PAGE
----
Descartes himself has another famous argument which is more to the point here – that of the famous “evil demon” (malin génie), but its contemporary analogue is the “brain in a vat” scenario, in which my apparent sensations are caused not by the world, but instead by an appropriately programmed computer hooked up to my brain, which is floating in a vat. From the inside, the skeptic notes, we cannot distinguish between sensations caused by the computer, and those caused by, say, actual trees. Here everything is physical – brain, vat, computer – so no questionable metaphysics is required to get the argument going (or so it seems …).
This may look like simply more of the same, and let me tell you, a great deal of the massive literature on this issue is indeed not particularly helpful, but some of the discussion following Hilary Putnam’s influential presentation of this example (and related work by Saul Kripke) eventually led to some valuable insights, not simply into skepticism, but into the metaphysical assumptions which underly it as well.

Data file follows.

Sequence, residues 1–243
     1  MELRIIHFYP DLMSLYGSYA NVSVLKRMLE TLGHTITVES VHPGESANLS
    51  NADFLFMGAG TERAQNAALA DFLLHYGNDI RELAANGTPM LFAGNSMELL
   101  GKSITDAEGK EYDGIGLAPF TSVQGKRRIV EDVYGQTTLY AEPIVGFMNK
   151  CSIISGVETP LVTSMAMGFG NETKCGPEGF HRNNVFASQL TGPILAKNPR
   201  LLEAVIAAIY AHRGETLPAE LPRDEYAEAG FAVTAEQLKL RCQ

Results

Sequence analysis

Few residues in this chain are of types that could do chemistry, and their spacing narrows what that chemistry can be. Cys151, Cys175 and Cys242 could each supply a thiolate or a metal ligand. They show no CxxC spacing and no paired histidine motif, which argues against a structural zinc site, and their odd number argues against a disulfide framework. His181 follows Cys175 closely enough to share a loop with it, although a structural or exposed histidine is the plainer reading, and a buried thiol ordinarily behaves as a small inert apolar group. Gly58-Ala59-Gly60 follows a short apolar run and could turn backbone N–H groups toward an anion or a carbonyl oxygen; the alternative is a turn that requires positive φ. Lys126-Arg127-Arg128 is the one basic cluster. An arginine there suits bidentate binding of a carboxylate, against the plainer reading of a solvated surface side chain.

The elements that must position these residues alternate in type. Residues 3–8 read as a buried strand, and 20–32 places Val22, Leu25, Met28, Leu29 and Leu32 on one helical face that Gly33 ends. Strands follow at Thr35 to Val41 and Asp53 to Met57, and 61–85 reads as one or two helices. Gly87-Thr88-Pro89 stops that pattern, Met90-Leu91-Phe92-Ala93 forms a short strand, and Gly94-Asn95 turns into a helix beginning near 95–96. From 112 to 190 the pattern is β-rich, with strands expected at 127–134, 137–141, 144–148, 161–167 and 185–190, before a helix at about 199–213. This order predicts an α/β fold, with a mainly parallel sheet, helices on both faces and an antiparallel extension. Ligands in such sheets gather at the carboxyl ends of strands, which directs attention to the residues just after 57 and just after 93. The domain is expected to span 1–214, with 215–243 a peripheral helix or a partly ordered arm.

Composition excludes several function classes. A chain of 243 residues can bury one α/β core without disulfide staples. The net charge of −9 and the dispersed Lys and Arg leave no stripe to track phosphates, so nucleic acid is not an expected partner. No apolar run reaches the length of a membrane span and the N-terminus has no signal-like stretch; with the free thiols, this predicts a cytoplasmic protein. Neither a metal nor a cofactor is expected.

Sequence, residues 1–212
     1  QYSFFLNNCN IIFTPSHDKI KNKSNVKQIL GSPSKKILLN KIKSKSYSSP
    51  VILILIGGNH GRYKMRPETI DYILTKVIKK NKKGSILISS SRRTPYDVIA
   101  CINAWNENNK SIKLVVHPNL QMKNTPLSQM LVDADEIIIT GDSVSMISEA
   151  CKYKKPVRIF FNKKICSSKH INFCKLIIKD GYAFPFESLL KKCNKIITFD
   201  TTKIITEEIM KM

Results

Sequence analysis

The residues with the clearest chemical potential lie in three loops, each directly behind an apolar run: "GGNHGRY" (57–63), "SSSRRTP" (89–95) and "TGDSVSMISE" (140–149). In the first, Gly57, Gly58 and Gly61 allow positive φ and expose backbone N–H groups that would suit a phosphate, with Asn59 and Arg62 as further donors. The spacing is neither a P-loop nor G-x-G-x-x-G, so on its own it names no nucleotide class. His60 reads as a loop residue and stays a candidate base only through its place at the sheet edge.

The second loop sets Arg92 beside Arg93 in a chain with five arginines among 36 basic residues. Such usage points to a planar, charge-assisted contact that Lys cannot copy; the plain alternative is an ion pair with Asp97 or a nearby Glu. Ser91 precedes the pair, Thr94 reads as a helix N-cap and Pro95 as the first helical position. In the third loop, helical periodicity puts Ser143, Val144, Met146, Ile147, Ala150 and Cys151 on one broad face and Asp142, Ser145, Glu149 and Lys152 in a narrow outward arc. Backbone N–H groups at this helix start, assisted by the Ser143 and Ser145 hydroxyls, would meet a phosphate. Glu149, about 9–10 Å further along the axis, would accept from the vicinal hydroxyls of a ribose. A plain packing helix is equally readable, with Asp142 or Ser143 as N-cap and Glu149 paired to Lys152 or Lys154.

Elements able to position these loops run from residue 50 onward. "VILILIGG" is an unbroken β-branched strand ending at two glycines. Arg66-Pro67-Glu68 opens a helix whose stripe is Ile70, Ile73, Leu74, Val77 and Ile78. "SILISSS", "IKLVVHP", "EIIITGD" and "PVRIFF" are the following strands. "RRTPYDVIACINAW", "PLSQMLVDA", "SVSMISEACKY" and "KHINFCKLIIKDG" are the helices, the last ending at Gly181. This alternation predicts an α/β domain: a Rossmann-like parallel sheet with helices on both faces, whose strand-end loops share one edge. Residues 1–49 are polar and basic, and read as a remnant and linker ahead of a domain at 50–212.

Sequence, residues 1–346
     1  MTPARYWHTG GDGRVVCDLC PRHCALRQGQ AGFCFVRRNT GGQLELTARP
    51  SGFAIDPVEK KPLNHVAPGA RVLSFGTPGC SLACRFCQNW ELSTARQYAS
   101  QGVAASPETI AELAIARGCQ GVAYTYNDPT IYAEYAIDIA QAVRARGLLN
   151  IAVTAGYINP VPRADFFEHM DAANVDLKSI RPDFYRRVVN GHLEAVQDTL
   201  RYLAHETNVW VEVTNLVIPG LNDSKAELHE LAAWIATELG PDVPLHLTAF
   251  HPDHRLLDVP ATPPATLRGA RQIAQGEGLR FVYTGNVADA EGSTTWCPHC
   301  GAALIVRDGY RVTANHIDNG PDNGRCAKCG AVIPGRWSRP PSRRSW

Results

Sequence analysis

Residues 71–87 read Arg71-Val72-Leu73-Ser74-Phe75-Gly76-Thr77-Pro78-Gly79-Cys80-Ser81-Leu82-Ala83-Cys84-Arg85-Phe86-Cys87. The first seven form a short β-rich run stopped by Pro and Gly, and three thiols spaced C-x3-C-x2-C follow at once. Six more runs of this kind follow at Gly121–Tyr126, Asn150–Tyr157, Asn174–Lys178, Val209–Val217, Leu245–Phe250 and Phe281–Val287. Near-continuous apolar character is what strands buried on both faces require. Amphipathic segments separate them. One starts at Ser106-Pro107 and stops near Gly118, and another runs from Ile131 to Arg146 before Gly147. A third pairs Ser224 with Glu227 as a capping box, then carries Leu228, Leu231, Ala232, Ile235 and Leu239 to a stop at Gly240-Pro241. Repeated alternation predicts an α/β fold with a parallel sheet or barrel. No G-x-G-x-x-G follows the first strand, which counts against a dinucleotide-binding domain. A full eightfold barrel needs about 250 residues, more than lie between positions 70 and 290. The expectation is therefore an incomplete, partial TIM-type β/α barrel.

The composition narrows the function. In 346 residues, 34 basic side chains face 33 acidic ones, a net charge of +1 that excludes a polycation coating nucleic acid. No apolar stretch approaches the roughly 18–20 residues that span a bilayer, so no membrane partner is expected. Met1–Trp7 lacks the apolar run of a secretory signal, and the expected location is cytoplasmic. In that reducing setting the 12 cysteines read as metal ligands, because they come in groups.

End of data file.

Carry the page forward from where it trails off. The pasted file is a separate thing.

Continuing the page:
Let’s leave that for another time (although see here for some of it). The important move – even if made in a variety of ways by various people, with varying results – was to recognize a role not merely for epistemology (as in the original skeptical paradox) and metaphysics (as already noted) but also for semantics.
The main insight of “semantic externalism” broadly construed is an anti-skeptical one (and was explicitly so described in Putnam’s original formulation in Reason, Truth, and History). The idea of the BIV example was to portray someone in a particularly poor epistemic situation. But is the BIV really so badly off? And even if so, are we really sure we can intelligibly describe that purported possibility?
According to Putnam, since the BIV has never been in the sort of causal contact with actual trees which it would need in order for its word “tree” to mean “actual tree,” when it says “there is a tree in front of me,” it means something which is in fact true, and perfectly well known: that there is, as we would say, a vat-tree in front of its apparent body, with all that this entails, e.g. that if it “walks forward,” it will “bonk its head” on the “tree” and thus experience (real!) pain.